U.S. pix score big at Spanish B.O.

Per Spanish culture ministry figures released Monday, the box office tally for the first six months of 1992 totalled $ 154,142,245 for all films from Jan. 1 through June 30.

As usual, American films topped the list, accounting for almost $ 115 million (73.5%) of all grosses, and 51% of the total number of films exhibited. Eighteen of the top 20 were Yank films: “The Prince of Tides” led with approximately $ 7. 2 million, followed closely by “Cape Fear” with $ 6.9 million and “JFK” with $ 6 .1 million.

Spanish films accounted for only $ 16.5 million, 10.5% of the total made on all films. The biggest Spanish pix were “El Robobo de La Jojoya” ($ 2.3 million) , “Salsa Rosa,” and “Makinavaja, El Ultimo Chorizo.”

Only “El Robobo” managed to make it into the top 20 list of all releases since January, ranking 19 on the roster. Beside “El Robobo,” the only other European film in the top 20 was French drama “The Lover,” with Euro pix (not counting Spanish releases) taking about 16% of the overall box office pie.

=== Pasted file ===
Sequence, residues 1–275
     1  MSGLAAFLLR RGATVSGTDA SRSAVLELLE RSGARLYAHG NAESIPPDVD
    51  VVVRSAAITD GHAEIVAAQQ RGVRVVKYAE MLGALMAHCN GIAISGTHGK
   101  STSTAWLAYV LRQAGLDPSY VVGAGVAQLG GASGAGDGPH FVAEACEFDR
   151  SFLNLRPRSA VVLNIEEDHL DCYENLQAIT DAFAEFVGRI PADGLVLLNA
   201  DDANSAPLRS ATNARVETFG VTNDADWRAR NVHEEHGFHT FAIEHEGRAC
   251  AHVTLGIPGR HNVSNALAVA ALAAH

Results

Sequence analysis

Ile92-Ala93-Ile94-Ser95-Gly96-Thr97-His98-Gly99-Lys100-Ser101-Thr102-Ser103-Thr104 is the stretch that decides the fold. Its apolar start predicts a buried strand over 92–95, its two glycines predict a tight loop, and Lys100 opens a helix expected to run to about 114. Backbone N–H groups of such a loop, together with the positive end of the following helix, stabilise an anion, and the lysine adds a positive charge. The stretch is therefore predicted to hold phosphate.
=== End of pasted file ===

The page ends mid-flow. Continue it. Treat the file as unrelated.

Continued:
The results bear out, once again, the struggle Spanish and European productions are faced with in hard-pressed competition with American films. Only 285 Spanish films were screened out of a total of 1,473, amounting to 19.34% of the screen quota. Performance-wise, Yank pix took 73.7% of the number of admissions sold, while Spanish pix took only 11.29%, and other Euro pix 11.89%, with the remaining 3.12% to other countries.

Completing the top 10 list of U.S. titles were: “Terminator II: Judgment Day, “”Hook,””The Silence of the Lambs,””Thelma and Louise,””Final Analysis,””Shining Through” and “The Addams Family.”

But aside from the screen and box office battle is the battle to get official data on box office statistics. Now heading into November, official ministerial figures for the first six months of 1992 have only just been released.

The blame for the delay lies primarily in the lack of computerized box office admissions systems throughout Spain. This not only means delays in figures, but that the data provided by theaters operating on manual methods is not always considered reliable.

The delay this year also makes accurate comparisons with previous years virtually impossible, since the culture ministry figures are normally released on a trimester basis, rather than the six-month period used this year. No monthly breakdowns are given.

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